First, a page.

Senate Republicans Attack Obama's Most Popular Achievement In Their First Budget Session

03/20/2015 01:36 pm ET | Updated Mar 20, 2015

WASHINGTON -- In just their first legislative session since taking control of the Senate, Republicans on the Budget Committee pushed through a Wall Street-supported amendment attacking the Consumer Financial Protection Bureau.

The amendment, offered by Sens. David Perdue (R-Ga.) and Pat Toomey (R-Pa.), is a resolution to move the CFPB's funding away from the Federal Reserve and put it under the direct control of Congress through the appropriations process. This would not only give Republicans an opportunity to slash the bureau's funding, but to leverage its budgeting control to pressure the agency against cracking down on lenders. (Nice consumer bureau you got there. It'd be a shame if something happened to it.)

House Republicans have passed several bills in recent years taking aim at the CFPB, including legislation attacking its funding source and trying to tie up its operations with congressionally imposed red tape. None of those bills were enacted, however, because the Senate was controlled by Democrats. Now that the GOP holds the majority in the Upper Chamber, they're taking a cue from their House colleagues.

Toomey made the case for the amendment before the committee by deploying standard House GOP talking points that have repeatedly been debunked by the Congressional Research Service and others.

"The CFPB is completely unaccountable," Toomey insisted. "It is unique among enormously powerful regulators in having no accountability to Congress. It has exceeded its authority in part because it's not subject to congressional oversight. And it's frankly outrageous that they are able to operate with the budget that they have and with the latitude they have without having to come to Congress for this oversight."

Sen. Jeff Merkley (D-Ore.) responded by noting that other bank regulators are also not subjected to appropriations, and emphasizing that the CFPB is audited by both the Government Accountability Office and the Fed Inspector General, and is required to report to Congress, testify before Congress and abide by standard regulatory disclosures and processes.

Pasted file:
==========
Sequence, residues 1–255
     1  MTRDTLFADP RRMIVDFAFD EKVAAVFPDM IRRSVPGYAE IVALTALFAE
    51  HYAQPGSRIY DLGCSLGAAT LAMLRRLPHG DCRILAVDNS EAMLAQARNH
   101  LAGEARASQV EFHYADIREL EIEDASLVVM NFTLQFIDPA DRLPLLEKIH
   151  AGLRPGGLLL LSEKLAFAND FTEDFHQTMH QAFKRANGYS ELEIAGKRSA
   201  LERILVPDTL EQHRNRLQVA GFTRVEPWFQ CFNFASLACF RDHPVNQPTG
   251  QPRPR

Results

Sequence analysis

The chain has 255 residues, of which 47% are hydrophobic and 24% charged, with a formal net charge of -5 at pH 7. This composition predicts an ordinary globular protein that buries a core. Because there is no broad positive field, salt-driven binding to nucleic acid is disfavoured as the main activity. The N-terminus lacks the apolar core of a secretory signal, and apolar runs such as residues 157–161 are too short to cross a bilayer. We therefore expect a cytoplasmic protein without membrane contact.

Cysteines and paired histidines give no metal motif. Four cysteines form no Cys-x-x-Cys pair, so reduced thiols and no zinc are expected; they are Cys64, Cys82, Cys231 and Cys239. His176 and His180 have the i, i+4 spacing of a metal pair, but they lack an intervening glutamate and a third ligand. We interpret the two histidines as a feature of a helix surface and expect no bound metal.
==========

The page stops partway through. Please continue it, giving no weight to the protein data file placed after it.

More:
Sen. Bernie Sanders (I-Vt.) also defended the agency.

"Subjecting the CFPB to appropriations is just one way of singling out the one regulator which by statute is a consumer advocate," Sanders said. "This amendment would weaken a very, very important agency. The CFPB has been successful. It is working."

The CFPB amendment passed by a vote of 12 to 10, with every Democrat voting against it.

Its inclusion in the budget resolution is largely a symbolic gesture, since resolutions do not become law. But the amendment, creating what's known as a "spending neutral reserve fund," essentially instructs the Senate to write actual legislation to do what the amendment says. And by following instructions in the budget, such legislation would be protected from some of the more arcane procedural rules opponents would normally use.

While such efforts do little to enact laws, they do lay down very clear markers for what the majority party would like to do, and attacking the CFPB offers lawmakers a host of potential fundraising rewards. The agency is loathed by the big banks behind the subprime mortgage fiasco, credit card companies and payday lenders alike. Since the agency was established under the 2010 Dodd-Frank financial reform law, the CFPB has overhauled mortgage standards, returned billions of dollars to consumers who were bilked by deceptive credit card practices, cracked down on predatory student lending and alerted the Department of Education to deceptive student debt collection. It is currently developing the first-ever federal standards for payday lending.

Three of the Republicans who voted for the bill are up for re-election in 2016 in swing states, including Toomey and Sens. Kelly Ayotte (R-N.H.) and Rob Portman (R-Ohio).

Polls consistently finds that the agency is extremely popular, however, in large part because it takes aim at lenders who are themselves extremely unpopular.

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